Byzantine Tombs (Taormina)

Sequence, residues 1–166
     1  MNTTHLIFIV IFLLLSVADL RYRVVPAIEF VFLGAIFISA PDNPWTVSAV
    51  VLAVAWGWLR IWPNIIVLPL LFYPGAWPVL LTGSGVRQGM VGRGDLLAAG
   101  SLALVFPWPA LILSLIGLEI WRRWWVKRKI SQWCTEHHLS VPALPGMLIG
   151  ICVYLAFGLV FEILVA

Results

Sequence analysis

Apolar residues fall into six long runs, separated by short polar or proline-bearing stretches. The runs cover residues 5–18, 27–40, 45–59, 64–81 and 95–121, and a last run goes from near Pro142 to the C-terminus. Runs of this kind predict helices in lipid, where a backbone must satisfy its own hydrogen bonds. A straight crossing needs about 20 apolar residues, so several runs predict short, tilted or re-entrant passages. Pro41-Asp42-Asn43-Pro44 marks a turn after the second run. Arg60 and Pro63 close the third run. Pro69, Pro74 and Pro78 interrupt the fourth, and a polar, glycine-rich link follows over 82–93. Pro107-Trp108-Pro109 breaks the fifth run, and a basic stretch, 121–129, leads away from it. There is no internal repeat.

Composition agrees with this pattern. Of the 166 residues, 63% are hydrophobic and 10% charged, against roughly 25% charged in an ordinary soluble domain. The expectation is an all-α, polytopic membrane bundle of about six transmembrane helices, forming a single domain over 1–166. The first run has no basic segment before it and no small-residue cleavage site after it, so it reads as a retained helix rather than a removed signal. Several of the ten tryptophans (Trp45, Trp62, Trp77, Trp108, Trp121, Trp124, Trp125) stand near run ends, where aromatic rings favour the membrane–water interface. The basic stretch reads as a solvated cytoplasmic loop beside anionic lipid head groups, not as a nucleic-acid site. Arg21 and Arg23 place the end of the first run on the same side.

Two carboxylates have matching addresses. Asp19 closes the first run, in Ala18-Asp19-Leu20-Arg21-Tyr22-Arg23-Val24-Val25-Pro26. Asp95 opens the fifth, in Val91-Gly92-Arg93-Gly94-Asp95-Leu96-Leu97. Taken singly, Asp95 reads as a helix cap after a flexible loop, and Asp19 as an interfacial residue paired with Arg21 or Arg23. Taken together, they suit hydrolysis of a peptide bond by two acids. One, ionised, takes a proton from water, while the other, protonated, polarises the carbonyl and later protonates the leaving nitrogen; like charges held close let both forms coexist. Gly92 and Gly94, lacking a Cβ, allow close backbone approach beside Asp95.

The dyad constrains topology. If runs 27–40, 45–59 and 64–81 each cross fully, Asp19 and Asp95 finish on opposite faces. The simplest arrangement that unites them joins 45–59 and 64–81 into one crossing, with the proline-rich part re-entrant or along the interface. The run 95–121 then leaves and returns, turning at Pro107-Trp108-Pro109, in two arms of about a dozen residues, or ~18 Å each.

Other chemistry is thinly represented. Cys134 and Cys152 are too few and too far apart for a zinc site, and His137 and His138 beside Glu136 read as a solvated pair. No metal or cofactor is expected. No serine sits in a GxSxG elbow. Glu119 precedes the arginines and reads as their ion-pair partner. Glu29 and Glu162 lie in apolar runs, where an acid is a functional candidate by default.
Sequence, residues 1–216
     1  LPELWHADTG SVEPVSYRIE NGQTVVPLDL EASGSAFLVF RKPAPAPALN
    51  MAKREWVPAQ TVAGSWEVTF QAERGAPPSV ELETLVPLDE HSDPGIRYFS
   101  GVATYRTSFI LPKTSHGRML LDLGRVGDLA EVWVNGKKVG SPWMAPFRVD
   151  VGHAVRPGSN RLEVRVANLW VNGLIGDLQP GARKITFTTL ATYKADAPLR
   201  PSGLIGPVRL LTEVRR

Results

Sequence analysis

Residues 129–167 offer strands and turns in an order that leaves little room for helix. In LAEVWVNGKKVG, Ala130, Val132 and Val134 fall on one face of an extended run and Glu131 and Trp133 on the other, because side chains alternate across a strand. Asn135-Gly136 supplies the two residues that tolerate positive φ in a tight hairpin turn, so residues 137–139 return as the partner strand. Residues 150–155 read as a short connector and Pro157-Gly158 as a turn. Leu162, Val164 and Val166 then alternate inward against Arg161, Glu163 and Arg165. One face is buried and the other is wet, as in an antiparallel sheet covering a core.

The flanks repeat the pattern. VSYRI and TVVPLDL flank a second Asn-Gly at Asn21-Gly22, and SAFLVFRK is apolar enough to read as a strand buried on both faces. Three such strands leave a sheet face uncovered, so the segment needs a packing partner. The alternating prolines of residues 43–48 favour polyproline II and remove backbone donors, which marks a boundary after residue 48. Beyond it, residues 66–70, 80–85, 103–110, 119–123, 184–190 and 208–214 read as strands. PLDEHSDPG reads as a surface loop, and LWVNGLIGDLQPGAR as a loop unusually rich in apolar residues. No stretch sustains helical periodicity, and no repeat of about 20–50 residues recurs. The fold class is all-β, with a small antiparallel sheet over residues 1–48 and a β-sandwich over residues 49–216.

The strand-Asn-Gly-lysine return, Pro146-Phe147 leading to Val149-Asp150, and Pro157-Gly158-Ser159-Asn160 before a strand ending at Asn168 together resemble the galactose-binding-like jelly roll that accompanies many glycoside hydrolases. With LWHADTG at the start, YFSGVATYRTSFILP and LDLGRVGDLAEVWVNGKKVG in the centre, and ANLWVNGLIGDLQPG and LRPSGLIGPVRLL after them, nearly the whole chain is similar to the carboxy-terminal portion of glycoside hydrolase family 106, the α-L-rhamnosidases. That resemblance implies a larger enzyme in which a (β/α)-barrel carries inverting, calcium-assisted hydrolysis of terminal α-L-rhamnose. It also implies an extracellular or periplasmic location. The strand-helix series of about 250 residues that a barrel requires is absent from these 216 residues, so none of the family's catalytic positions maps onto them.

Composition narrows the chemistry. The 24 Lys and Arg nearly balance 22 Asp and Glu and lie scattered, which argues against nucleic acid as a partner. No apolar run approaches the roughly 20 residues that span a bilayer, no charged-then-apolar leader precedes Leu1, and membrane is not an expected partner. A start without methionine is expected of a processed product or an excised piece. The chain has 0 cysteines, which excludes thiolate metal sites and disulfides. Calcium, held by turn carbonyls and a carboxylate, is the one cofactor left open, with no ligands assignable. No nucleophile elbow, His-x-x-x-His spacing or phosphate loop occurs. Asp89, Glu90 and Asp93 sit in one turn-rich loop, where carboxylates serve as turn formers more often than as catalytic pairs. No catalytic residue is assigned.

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The term Byzantine tombs of Taormina refers to the remains of an ancient necropolis that can be seen when walking along Via Pirandello. They are loculi built according to the “columbarium method”, that is, a series of symmetrical cells placed on top of each other. The loculi, arranged in a beehive, are all the same size (m 2×0.80). They are built with a rather rough masonry mixed with stones and bricks, and they are plastered inside and outside. The burials are organized in blocks of different widths, some of which consist of only two loculi, whose irregular course is due to the orography of the terrain. Each loculus has a vaulted roof and a square opening. According to scholars, the necropolis dates from the Byzantine period, between the 10th and 11th centuries. The Byzantine tombs of Taormina visible today are only a small part of a larger cemetery area that extended northeast between the present remains and the Church of Saints Peter and Paul.

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